When I asked about the plot, my partner refused to elaborate any more than ‘someone shows you a collection of games that their friend developed’. Looking back, I’m glad that was all I knew before I started playing, because the narrative definitely works better the less you know about it. For that reason, I won’t go into much detail. Overall, The Beginner’s Guide is a very emotional journey which might even make you reflect on some of your own actions and the motivation behind them. So if you have about an hour and a half and £7 to spare, I recommend you give it a go!

SNEAK PEEK

Cover art for Kingdom Hearts II Final Mix

Kingdom Hearts II Final Mix

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Cover art for Kingdom Hearts II Final Mix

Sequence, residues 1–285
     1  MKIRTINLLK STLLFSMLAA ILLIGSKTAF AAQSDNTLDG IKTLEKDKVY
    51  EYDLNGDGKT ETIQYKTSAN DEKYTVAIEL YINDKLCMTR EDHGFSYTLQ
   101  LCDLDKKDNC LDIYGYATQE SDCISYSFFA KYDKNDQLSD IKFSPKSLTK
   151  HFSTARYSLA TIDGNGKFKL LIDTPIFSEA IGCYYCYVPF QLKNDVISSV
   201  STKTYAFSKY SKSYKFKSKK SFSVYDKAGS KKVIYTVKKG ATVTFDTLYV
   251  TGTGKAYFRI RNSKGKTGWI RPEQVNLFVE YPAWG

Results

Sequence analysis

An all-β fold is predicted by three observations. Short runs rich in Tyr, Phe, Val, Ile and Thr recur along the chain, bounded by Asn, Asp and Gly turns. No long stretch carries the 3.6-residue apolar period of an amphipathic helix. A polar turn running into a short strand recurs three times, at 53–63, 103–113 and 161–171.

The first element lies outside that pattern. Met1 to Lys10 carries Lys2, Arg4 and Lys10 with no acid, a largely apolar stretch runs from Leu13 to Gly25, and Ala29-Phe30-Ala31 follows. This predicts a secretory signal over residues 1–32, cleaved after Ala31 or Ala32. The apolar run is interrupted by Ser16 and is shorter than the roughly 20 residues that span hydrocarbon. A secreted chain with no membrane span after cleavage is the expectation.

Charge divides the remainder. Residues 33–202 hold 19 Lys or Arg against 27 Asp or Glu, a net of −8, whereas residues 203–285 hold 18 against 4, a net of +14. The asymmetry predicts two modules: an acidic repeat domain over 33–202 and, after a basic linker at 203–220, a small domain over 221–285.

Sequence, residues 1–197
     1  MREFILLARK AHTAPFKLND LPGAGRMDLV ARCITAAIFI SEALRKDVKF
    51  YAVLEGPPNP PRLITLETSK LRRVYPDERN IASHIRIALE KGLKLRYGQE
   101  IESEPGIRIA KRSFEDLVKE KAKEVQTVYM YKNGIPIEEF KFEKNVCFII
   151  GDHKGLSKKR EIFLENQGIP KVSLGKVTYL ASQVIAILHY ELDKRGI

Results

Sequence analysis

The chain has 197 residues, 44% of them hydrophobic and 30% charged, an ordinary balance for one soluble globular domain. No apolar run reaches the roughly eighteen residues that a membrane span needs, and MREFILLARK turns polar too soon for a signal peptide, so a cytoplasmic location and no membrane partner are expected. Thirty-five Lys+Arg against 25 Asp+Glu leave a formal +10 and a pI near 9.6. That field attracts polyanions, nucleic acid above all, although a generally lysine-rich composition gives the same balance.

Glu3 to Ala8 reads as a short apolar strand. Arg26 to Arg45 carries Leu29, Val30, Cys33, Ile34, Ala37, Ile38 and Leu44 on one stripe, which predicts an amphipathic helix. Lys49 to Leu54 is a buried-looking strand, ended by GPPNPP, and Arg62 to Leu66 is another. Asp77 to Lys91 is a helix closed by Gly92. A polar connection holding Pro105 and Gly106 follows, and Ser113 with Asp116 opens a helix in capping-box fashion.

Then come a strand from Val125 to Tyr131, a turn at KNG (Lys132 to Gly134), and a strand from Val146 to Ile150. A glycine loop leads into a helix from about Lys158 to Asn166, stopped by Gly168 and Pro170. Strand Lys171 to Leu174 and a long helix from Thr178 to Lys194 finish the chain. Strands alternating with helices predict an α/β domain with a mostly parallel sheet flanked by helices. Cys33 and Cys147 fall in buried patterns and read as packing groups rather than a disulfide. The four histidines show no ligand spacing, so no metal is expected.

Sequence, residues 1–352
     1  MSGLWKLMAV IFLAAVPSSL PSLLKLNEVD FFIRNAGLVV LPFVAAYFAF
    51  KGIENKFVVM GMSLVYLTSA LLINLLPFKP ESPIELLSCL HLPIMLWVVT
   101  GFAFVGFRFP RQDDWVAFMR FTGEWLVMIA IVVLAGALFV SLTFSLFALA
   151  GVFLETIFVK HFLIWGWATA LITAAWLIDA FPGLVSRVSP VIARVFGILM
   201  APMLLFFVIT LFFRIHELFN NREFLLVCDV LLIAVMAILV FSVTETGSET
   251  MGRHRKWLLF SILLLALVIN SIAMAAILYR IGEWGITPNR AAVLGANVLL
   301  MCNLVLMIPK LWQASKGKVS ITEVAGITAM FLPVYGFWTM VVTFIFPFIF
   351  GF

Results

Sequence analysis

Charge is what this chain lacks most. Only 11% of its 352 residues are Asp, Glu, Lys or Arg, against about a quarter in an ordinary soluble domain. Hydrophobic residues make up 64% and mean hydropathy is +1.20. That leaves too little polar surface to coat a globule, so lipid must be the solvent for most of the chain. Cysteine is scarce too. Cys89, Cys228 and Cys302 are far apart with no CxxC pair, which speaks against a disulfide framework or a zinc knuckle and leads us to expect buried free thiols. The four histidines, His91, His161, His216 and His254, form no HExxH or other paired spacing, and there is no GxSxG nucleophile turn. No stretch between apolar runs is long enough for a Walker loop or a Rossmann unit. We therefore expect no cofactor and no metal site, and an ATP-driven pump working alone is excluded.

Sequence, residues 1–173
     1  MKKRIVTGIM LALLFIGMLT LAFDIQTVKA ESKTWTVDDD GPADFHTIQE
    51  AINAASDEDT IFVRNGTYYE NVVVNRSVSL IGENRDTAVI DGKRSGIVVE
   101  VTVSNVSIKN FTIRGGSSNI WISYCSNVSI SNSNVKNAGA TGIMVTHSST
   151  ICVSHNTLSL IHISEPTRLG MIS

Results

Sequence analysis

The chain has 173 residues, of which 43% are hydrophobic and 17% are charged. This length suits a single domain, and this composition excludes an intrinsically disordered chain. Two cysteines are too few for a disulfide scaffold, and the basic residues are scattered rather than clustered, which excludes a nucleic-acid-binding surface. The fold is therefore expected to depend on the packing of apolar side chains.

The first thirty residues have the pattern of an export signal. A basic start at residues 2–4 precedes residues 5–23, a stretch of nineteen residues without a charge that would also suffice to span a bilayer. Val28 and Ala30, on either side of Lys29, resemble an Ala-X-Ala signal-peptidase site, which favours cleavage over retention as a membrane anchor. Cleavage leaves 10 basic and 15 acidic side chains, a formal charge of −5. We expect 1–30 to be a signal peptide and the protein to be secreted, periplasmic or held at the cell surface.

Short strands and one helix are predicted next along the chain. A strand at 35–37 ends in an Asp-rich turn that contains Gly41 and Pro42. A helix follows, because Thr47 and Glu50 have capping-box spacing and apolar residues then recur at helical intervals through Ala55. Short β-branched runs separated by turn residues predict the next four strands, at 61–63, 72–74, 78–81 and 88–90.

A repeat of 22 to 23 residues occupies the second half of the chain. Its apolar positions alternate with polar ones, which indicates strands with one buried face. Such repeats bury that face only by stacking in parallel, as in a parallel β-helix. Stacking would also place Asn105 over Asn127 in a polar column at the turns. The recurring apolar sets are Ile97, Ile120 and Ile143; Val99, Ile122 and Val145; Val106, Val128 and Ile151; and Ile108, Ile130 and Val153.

KINGDOM HEARTS II FINAL MIX

Video game

PLATFORM

PlayStation 4 (also available on PC, Xbox One, Nintendo Switch)

SYNOPSIS

One year after the events of Kingdom Hearts: Chain of Memories, Sora, Donald and Goofy awaken in Twilight Town. Bent on the quest to find Riku and King Mickey Mouse, the three begin their journey. However, they soon discover that while they have been asleep, the Heartless are back. Not only that, but new enemies also showed up during their absence.

THOUGHTS

We picked up Kingdom Hearts II immediately after we completed its prequel, Kingdom Hearts Re:Chain of Memories. And by immediately, I mean on the same day. I had been anticipating this instalment for a long time, seeing as my friends that are hardcore KH fans consider it to be the game where ‘the series gets good’.